# Homework 5

Download the skeleton files `Deque.elm`, `LazyListPlus.elm`, and `EnumerateRB.elm`, and use them as a starting point for the following problems. Look for all occurrences of `TODO` in comments, which point out where you should implement your solutions. Once you are done, follow the submission instructions below.

## Problem 1: Deques

#### 6.1.1 --- Okasaki, Exercise 5.1a (50 points)

A double-ended queue, or deque (pronounced "deck"), allows adding and removing elements from both ends of the data structure. In this problem, you will adapt the `FastQueue` strategy from Chapter 5 to implement the `Deque` abstraction. In particular, use the representation

``type Deque a = D { front : List a, back : List a }``

and maintain the invariant that `front` and `back` are both non-empty whenever there are at least two elements in the `Deque`.

Implement the following three operations (which we referred to in the `Queue` context as `enqueue`, `dequeue`, and `peek`, respectively):

``````addBack     : a -> Deque a -> Deque a
removeFront : Deque a -> Maybe (Deque a)
peekFront   : Deque a -> Maybe a``````

In addition, implement the following three analogous operators:

``````addFront    : a -> Deque a -> Deque a
removeBack  : Deque a -> Maybe (Deque a)
peekBack    : Deque a -> Maybe a``````

Implement and use a helper function

``check : List a -> List a -> Deque a``

that enforces the invariant by checking whether either list is empty and, if so, splitting the other in half and reversing one of the halves.

All operations should run in O(1) amortized time assuming, as in Chapter 5, that values are not used persistently (but you are not asked to prove it).

Hint: The frontmost and backmost element of a `Deque` may be the same.

## Problem 2: Lazy Lists

In this problem, you will implement `LazyList` analogues of a couple more standard `List` functions. You will need to download `LazyList.elm` and `elm-package.json` and place them in the directory where you are working.

#### 6.2.1 (50 points)

First, implement the following functions.

``````map    : (a -> b) -> LazyList a -> LazyList b
concat : LazyList (LazyList a) -> LazyList a``````

Your implementations should be as lazy as possible. In particular, for any `f` and `xs`, the expression `map f xs` should evaluate very quickly even if, for example, `head (map f xs)` does not.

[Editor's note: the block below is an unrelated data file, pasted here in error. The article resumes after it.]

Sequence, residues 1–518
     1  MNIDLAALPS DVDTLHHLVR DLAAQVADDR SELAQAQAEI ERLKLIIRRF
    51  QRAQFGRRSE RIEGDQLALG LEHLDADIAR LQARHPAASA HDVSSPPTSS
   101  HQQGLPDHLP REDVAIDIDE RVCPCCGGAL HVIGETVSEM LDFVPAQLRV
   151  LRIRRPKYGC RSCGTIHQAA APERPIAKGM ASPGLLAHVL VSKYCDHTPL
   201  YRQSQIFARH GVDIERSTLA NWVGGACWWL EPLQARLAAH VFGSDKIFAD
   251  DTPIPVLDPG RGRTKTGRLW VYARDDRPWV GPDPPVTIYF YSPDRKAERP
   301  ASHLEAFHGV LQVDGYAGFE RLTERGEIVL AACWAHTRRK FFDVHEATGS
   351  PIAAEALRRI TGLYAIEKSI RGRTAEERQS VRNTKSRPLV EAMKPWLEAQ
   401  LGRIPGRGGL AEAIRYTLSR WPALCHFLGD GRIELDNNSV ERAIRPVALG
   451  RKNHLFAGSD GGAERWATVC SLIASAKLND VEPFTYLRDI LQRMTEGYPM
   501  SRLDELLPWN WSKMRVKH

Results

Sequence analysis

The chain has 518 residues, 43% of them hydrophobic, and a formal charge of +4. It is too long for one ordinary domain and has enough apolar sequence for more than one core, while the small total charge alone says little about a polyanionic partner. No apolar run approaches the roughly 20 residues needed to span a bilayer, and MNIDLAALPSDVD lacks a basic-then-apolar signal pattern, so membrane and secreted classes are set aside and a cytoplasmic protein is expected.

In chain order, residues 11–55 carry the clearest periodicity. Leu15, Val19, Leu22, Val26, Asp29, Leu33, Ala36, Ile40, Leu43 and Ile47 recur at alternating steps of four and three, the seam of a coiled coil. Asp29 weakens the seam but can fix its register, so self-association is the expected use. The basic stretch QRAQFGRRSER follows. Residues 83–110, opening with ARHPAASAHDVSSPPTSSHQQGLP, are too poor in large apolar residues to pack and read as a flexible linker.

Next, use `map` and `concat` to define the following.

``concatMap : (a -> LazyList b) -> LazyList a -> LazyList b``

Finally, implement the following function that computes the Cartesian product of two `LazyList`s and transforms each its pairs using the input function.

``cartProdWith : (a -> b -> c) -> LazyList a -> LazyList b -> LazyList c``

## Problem 3 (OPTIONAL): Enumerating Red-Black Trees

In Homework 2, you defined functions that compute all trees of a certain height. In this problem, you will compute all valid red-black trees of a given black-height.

We will use the same representation for `RedBlackTrees` that store `Int`s from class:

``````type Color = R | B
type Tree  = E | T Color Tree Int Tree``````

#### 6.3.1 (0 points)

Write a function

``rbTrees : Int -> List Tree``

such that `rbTrees bh` returns all of the `Tree`s `t` (with the dummy data value `0` stored in each node) such that `check bh == True`, where `check` is defined as follows.

``````check bh t =
color t == B && noRedRed t && blackHeight t == Just bh``````

Notice that compared to the `rb` predicate from class, here we drop the `bso` requirement because we are only concerned with generating trees that satisfy the color and black-height invariants.

You may want to define the following helper function.

``cartProdWith : (a -> b -> c) -> List a -> List b -> List c``

As a sanity check:

``````> import EnumerateRB exposing (..)

> rbTrees 0
[E] : List EnumerateRB.Tree

> rbTrees 1
[T B E 0 E] : List EnumerateRB.Tree

> List.map (List.length << rbTrees) [0..3]
[1,1,4,400] : List Int

> List.map (\i -> List.all (check i) (rbTrees i)) [0..3]
[True,True,True,True] : List Bool``````

Bummer:

``````> rbTrees 4
FATAL ERROR: JS Allocation failed - process out of memory``````

#### 6.3.2 (0 points)

Since these `List`s get very large very quickly, define the following version that generates valid red-black trees lazily; you will want to use your `LazyListPlus` functions from the previous problem.

``rbTrees' : Int -> LazyList Tree``

Things should be a bit better when you're done:

``````> import LazyList exposing (..)

> rbTrees' 4
Lazy <function> : Lazy.Lazy (LazyList.LazyListCell EnumerateRB.Tree)

> rbTrees' 4 |> take 10 |> toList |> List.all (check 4)
True : Bool

> rbTrees' 4 |> take 1000 |> toList |> List.all (check 4)
True : Bool

> rbTrees' 5 |> take 1000 |> toList |> List.all (check 5)
True : Bool``````

Start by navigating to the folder where you checked out your repo. Next, create a subfolder for this assignment and populate it with the skeleton code:

``````% svn mkdir hw5
% cd hw5
% wget http://www.classes.cs.uchicago.edu/current/22300-1/assignments/hw5/Deque.elm
% wget http://www.classes.cs.uchicago.edu/current/22300-1/assignments/hw5/LazyListPlus.elm
% wget http://www.classes.cs.uchicago.edu/current/22300-1/assignments/hw5/EnumerateRB.elm
% wget http://www.classes.cs.uchicago.edu/current/22300-1/assignments/hw5/elm-package.json
% wget http://www.classes.cs.uchicago.edu/current/22300-1/lectures/Laziness/LazyList.elm``````

If `wget` or a similar tool (such as `curl`) is not available on your machine, download and save the skeleton files provided above in some other way. Then add only these files to your repo:

``````% svn add Deque.elm
``% svn commit -m "hw5 submission"``
``https://phoenixforge.cs.uchicago.edu/projects/USER-cs223-win-16/repository``